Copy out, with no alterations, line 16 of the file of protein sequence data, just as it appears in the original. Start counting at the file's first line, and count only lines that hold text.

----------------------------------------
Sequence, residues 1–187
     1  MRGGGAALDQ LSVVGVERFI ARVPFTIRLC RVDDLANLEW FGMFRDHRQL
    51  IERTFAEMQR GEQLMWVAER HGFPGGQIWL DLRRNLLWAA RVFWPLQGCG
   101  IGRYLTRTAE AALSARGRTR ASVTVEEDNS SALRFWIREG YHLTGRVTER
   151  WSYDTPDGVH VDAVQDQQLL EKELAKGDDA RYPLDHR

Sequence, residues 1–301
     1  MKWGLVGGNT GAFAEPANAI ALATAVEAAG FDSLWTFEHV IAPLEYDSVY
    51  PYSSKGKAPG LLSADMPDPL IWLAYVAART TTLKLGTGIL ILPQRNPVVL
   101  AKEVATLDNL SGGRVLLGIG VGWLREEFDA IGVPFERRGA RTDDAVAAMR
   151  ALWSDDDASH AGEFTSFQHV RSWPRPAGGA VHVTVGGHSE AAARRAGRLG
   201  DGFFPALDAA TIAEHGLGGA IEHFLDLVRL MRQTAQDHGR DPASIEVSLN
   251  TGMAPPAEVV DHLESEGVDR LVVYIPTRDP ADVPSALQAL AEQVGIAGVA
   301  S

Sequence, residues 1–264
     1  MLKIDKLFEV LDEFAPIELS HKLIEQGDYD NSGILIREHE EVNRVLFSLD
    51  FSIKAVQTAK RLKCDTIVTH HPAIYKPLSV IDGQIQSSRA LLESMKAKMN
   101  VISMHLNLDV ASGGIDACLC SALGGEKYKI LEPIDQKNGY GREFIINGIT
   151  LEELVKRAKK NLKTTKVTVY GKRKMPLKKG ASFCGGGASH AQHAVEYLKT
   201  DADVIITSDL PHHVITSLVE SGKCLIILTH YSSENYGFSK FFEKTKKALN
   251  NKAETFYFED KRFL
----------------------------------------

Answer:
    51  FSIKAVQTAK RLKCDTIVTH HPAIYKPLSV IDGQIQSSRA LLESMKAKMN